from beaker.cache import CacheManager
 from beaker.util import parse_cache_config_options

 cache_opts = {'cache.data_dir’: './cache’,
               'cache.type’: 'file’,
               'cache.regions’: 'short_term’, 'long_term’,
               'cache.short_term.type’: 'ext:memcached’,
               'cache.short_term.url’: ’127.0.0.1:11211’,
               'cache.short_term.expire’: '3600’,
               'cache.long_term.type’: 'file’,
               'cache.long_term.expire’: '86400’,
 }

 cache = CachManager(**parse_cache_config_options(cache_opts))

And your cache instance is now ready to use. Note that using this cache object is thread-safe already, so you just need to keep one around in your framework/app (Can someone using Django explain where you’d keep a reference to this object around so that you could get to it in a Django view?).

New Cache Decorators

To make it easier to use caching in your app, Beaker now includes decorators for use with the cache object. Given the above caching setup, lets assume you want to cache the output of an expensive operation:


 # Get that cache object from wherever you put it, maybe its in environ or request?
 # In Pylons, this will be: from pylons import cache
 from wherever import cache

 def regular_function():
     # Do some boring stuff

     # Cache something
     @cache.region('short_term’, 'mysearch’)
     def expensive_search(phrase):
         # Do lookup with the phrase variable
         return something
     return expensive_search('frogs’)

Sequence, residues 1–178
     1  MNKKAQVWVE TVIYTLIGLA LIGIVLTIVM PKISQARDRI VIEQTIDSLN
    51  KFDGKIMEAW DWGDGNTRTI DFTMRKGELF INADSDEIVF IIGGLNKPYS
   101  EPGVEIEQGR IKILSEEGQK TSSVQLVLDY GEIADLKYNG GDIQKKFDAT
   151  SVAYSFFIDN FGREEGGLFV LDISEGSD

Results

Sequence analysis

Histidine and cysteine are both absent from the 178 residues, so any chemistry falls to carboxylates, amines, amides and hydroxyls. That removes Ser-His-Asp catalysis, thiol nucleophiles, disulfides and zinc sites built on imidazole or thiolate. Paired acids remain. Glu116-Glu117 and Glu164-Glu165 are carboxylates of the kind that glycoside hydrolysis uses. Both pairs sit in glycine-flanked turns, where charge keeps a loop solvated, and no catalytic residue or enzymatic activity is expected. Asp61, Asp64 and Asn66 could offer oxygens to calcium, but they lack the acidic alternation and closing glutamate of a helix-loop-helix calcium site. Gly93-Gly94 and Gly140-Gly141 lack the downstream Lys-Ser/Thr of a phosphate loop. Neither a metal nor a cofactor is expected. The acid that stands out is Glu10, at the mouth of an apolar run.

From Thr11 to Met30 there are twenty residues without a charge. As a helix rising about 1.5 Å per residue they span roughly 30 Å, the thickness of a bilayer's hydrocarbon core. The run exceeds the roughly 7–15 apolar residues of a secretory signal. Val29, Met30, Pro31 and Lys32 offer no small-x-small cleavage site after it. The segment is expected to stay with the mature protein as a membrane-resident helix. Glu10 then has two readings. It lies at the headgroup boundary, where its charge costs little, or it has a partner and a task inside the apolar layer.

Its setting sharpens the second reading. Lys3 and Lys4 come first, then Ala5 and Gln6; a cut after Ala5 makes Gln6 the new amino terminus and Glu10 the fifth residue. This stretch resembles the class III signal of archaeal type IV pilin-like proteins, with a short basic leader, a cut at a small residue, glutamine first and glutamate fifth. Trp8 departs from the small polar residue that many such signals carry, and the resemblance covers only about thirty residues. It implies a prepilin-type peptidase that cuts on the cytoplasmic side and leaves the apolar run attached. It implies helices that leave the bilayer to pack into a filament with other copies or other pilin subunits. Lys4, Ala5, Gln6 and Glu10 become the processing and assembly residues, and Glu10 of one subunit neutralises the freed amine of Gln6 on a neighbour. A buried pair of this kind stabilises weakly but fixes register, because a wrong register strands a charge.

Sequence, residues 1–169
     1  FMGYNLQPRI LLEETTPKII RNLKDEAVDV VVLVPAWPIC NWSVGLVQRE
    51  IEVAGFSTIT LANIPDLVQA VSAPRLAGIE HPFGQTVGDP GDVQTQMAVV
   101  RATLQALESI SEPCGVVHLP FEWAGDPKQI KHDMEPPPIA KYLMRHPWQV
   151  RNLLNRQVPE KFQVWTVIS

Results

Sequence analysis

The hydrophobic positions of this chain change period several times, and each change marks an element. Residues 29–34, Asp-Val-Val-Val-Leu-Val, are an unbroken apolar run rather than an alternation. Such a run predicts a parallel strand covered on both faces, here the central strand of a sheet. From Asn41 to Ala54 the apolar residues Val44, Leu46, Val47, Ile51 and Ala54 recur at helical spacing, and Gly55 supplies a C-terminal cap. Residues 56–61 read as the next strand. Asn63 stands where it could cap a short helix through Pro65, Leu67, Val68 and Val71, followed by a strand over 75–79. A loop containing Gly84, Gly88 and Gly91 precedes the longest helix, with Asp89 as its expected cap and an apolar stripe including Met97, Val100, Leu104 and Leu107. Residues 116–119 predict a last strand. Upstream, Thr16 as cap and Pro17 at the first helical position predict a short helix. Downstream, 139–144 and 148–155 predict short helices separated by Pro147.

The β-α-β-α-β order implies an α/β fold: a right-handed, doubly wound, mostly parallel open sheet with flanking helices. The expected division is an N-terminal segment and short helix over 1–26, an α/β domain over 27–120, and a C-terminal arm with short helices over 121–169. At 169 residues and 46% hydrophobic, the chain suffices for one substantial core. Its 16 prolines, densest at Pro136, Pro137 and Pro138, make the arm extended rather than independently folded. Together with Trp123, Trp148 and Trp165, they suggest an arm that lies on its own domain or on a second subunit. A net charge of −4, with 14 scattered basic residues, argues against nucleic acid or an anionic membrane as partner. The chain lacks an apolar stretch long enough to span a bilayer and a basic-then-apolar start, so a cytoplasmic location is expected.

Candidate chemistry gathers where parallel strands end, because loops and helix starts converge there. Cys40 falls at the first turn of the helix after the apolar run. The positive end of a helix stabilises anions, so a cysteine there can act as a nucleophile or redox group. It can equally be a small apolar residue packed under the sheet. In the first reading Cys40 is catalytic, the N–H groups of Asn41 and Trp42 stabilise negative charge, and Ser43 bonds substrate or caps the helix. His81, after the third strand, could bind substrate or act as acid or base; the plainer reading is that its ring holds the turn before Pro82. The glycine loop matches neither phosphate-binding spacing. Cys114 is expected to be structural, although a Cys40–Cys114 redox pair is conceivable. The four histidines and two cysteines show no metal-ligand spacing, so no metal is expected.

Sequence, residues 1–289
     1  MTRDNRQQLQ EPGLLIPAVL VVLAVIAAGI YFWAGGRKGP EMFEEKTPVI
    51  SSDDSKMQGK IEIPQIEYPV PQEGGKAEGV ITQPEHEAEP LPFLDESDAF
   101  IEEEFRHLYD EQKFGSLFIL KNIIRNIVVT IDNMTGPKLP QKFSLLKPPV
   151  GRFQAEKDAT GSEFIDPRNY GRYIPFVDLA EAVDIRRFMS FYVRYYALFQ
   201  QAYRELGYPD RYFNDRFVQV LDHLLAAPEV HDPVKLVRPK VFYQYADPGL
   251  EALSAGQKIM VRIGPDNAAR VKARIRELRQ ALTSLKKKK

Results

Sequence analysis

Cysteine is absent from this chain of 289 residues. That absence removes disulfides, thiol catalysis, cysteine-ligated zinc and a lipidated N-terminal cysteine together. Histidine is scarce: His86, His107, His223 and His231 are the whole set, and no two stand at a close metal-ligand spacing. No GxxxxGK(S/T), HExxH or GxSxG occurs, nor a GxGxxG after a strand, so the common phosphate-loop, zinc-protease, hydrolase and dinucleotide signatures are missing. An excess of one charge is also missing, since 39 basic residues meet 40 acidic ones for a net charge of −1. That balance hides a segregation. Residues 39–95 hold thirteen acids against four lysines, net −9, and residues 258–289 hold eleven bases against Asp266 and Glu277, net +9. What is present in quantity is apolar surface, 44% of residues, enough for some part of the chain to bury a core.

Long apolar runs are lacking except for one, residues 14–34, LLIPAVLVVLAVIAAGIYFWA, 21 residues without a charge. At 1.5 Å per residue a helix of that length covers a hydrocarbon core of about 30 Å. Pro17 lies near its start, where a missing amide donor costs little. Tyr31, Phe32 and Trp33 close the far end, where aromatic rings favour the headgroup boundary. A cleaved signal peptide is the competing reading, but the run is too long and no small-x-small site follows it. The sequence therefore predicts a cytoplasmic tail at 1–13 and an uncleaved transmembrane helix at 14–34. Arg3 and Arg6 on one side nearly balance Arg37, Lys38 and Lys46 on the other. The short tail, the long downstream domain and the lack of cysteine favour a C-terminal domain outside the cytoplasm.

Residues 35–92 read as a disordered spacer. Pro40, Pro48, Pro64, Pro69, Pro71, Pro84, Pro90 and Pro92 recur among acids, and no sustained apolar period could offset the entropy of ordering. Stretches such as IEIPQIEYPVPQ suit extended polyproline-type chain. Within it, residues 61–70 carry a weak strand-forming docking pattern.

The second argument to the region decorator, ‘mysearch’. That isn’t required unless you have two function’s of the same name in the same module, since Beaker records the namespace of the cache using the function name + module + extra args. For those wondering what a Beaker namespace is, its a single cache ‘block’. That is, lets say you wanted to cache 4 versions of the same thing, but change them differently depending on the input parameter. Beaker considers the thing to be a namespace, and the things that change the thing being cached are the cache keys.

Only un-named arguments are allowed on the function being cached. These act as the cache keys so that if the arguments change, a new copy is cached to those arguments. This way you can have multiple versions of the function output cached depending on the argument it was called with.

If you want to use arbitrary cache parameters, use the other decorator:


 # Get that cache object from wherever you put it, maybe its in environ or request?
 # In Pylons, this will be: from pylons import cache
 from wherever import cache

 def regular_function():
     # Do some boring stuff

     # Cache something
     @cache.cache('mysearch’, type='file’, expire=3600)
     def expensive_search(phrase):
         # Do lookup with the phrase variable
         return something
     return expensive_search('frogs’)

This allows you to toggle the cache options per use as desired.

If there’s anything else I can do to make it easier to use Beaker in your application, be sure to let me know (Yes, I know more docs would help, this blog post was a first attempt to help out on that front, more docs on the way!).